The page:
“This was the most empowering experience of my life,” she said. Continue reading
By Michael Ollove
Johns Hopkins University and the Hopkins health system said the upheaval in Baltimore last April, which revealed the depths of economic misery in the city, lent urgency to the major jobs, contracting and purchasing initiative they announced last month. Other hospitals around the country have also launched anti-poverty efforts.
BALTIMORE—As a child, Bishop Douglas Miles heard the warnings about vans trolling East Baltimore streets, snatching up young African-Americans for medical experiments at nearby Johns Hopkins Hospital.
Whether there was any truth behind those stories—Hopkins has always denied them—hardly mattered. The mythology lived on and, combined with the hospital’s very real development decisions, contributed to a persistent view of Hopkins as an imperious, menacing presence amid the largely poor and African-American neighborhoods surrounding it.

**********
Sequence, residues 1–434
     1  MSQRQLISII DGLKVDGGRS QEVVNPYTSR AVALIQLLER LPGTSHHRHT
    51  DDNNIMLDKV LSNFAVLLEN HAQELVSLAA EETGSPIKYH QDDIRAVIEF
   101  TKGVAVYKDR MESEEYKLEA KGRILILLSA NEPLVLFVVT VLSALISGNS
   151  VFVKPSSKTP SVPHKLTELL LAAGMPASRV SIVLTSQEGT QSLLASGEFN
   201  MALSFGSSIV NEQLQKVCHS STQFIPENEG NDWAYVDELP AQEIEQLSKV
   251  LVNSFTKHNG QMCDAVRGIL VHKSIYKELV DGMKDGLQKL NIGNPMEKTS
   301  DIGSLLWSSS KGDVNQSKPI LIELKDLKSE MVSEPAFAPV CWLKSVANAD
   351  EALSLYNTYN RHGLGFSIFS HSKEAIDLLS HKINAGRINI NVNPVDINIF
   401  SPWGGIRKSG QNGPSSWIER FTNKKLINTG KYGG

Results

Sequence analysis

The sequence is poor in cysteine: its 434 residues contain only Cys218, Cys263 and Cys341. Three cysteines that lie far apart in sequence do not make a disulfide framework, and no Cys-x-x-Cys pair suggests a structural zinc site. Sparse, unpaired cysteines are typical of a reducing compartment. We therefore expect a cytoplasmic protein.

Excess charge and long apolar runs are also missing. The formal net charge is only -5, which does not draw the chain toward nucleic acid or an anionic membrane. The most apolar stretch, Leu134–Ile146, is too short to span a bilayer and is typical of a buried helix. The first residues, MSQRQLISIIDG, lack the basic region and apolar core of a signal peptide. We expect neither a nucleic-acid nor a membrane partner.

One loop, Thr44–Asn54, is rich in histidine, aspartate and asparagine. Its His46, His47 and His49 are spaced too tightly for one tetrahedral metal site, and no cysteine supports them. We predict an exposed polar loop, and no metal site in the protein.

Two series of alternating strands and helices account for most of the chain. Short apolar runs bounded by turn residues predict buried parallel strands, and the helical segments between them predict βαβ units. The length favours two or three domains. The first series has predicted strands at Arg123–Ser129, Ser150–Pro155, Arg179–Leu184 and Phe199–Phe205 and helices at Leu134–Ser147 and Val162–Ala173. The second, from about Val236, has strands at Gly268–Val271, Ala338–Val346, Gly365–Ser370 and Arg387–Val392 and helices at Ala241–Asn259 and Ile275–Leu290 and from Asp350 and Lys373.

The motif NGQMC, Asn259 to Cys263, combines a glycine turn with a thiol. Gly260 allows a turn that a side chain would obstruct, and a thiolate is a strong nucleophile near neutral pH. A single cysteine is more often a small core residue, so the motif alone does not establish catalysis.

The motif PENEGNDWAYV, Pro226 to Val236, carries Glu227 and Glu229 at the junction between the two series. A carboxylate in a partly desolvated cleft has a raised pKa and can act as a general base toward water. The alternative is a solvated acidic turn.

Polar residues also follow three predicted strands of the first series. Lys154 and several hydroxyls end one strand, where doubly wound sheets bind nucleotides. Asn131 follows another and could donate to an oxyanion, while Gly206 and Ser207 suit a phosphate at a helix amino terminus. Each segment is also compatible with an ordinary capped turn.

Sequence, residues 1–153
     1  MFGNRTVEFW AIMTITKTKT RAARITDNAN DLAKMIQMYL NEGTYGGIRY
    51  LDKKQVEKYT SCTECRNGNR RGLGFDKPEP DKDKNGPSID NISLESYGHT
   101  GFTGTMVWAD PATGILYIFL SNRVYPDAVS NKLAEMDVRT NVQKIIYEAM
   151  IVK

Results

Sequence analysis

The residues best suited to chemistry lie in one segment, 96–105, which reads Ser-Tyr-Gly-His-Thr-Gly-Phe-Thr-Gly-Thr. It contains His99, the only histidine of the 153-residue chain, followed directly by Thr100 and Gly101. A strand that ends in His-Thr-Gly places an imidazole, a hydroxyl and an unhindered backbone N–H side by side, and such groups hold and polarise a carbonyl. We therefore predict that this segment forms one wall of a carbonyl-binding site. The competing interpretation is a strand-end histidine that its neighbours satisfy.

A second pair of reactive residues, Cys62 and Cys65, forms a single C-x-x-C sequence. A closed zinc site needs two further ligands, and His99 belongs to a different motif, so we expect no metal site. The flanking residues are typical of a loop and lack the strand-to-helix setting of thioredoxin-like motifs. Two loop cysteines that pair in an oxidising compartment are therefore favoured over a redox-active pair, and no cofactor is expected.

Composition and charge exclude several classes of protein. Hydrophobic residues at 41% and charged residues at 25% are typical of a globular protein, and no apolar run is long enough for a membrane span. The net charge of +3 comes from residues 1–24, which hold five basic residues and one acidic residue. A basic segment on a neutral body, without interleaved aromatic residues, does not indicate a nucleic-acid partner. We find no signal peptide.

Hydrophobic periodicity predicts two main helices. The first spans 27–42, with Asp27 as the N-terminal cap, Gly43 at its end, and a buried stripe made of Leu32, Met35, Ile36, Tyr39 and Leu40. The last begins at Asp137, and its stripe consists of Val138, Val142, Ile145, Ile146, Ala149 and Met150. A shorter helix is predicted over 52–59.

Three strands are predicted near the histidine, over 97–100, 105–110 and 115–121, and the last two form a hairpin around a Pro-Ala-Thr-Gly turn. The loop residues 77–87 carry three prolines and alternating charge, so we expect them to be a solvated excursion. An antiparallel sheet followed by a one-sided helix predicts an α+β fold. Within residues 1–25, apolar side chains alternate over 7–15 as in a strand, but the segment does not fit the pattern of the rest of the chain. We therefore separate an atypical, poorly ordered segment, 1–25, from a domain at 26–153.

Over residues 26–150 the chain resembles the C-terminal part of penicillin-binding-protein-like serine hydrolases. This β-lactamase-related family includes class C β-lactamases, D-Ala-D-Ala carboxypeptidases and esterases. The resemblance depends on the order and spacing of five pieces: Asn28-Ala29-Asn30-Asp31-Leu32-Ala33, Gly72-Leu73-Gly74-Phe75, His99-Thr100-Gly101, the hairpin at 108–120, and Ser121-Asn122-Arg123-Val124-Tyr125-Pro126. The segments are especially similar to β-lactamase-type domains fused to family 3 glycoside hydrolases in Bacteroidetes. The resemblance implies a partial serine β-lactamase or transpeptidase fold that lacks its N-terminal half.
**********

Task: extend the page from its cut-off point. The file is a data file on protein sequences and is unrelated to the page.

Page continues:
“Hopkins was viewed with a great deal of suspicion and anger,” said Miles, who graduated from the school in 1970 and is the bishop of Koinonia Baptist Church in northeast Baltimore.
But now, Miles says, that perception could be changing. Johns Hopkins University and the Hopkins hospital and health system have launched an ambitious initiative to fill many more jobs with residents from distressed Baltimore neighborhoods, boost the use of minority contractors and vendors from those areas, and require their partners to follow their lead. Continue reading
By Jay Hancock
There is a good chance that your once-independent doctor is now employed by a hospital. Dr. Michael Reilly, a Fort Lauderdale, Fla., orthopedic surgeon, does not believe this is good for physicians, patients or society.
For years he watched Broward Health, a nonprofit Florida hospital system, hire community doctors, pay them millions and minutely track the revenue they generated from admissions, procedures and tests.